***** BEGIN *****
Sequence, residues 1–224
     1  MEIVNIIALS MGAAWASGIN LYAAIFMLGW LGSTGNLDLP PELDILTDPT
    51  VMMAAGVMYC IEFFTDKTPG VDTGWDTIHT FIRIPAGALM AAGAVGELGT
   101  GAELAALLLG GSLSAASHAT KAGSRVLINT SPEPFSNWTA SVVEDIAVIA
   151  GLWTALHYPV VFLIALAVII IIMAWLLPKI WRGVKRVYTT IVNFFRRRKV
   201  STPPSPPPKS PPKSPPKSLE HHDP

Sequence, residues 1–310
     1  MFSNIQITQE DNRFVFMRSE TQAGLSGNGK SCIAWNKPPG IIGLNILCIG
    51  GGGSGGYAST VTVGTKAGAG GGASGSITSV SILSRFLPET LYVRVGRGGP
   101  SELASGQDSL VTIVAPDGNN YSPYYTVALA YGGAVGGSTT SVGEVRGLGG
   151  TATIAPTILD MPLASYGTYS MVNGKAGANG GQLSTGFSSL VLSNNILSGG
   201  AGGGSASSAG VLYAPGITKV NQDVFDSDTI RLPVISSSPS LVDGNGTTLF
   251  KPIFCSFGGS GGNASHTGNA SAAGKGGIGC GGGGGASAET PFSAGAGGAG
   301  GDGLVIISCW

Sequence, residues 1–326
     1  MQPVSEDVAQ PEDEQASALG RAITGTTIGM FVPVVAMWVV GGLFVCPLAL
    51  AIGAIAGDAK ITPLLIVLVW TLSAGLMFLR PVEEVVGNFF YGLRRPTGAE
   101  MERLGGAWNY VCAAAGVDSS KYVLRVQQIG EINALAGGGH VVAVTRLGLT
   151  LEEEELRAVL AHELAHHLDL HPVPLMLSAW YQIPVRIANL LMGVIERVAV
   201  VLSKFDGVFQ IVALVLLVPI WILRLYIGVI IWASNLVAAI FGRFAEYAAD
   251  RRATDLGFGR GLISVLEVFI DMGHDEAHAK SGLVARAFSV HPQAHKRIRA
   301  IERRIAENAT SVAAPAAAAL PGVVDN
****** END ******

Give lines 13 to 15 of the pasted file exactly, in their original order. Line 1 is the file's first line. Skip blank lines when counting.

   251  KPIFCSFGGS GGNASHTGNA SAAGKGGIGC GGGGGASAET PFSAGAGGAG
   301  GDGLVIISCW

Sequence, residues 1–326